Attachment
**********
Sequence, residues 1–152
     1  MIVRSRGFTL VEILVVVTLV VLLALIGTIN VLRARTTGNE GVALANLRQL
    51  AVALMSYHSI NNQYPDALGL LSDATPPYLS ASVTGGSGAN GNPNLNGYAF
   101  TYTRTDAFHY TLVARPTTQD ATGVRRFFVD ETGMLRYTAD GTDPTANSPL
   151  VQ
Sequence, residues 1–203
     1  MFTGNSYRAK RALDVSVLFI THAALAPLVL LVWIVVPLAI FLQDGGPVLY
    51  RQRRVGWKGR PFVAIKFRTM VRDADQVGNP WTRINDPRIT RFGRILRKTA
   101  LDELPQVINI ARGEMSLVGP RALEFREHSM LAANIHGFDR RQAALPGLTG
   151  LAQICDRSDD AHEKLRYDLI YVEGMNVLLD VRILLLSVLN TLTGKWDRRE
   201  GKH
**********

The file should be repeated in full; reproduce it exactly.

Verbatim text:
Sequence, residues 1–152
     1  MIVRSRGFTL VEILVVVTLV VLLALIGTIN VLRARTTGNE GVALANLRQL
    51  AVALMSYHSI NNQYPDALGL LSDATPPYLS ASVTGGSGAN GNPNLNGYAF
   101  TYTRTDAFHY TLVARPTTQD ATGVRRFFVD ETGMLRYTAD GTDPTANSPL
   151  VQ
Sequence, residues 1–203
     1  MFTGNSYRAK RALDVSVLFI THAALAPLVL LVWIVVPLAI FLQDGGPVLY
    51  RQRRVGWKGR PFVAIKFRTM VRDADQVGNP WTRINDPRIT RFGRILRKTA
   101  LDELPQVINI ARGEMSLVGP RALEFREHSM LAANIHGFDR RQAALPGLTG
   151  LAQICDRSDD AHEKLRYDLI YVEGMNVLLD VRILLLSVLN TLTGKWDRRE
   201  GKH